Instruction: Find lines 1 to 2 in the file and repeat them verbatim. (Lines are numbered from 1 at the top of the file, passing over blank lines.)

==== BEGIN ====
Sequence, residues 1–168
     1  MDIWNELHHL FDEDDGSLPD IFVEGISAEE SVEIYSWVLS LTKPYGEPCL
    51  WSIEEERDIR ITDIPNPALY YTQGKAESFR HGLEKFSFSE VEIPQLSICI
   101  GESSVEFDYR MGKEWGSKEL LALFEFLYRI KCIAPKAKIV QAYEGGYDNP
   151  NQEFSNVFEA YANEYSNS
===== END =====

Sequence, residues 1–168
     1  MDIWNELHHL FDEDDGSLPD IFVEGISAEE SVEIYSWVLS LTKPYGEPCL